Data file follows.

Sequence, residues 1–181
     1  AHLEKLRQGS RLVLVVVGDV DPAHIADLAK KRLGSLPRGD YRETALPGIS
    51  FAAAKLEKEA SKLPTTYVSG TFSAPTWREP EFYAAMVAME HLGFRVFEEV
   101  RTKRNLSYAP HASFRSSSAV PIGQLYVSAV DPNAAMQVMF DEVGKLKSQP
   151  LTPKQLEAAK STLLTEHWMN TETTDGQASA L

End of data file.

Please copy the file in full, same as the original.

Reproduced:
Sequence, residues 1–181
     1  AHLEKLRQGS RLVLVVVGDV DPAHIADLAK KRLGSLPRGD YRETALPGIS
    51  FAAAKLEKEA SKLPTTYVSG TFSAPTWREP EFYAAMVAME HLGFRVFEEV
   101  RTKRNLSYAP HASFRSSSAV PIGQLYVSAV DPNAAMQVMF DEVGKLKSQP
   151  LTPKQLEAAK STLLTEHWMN TETTDGQASA L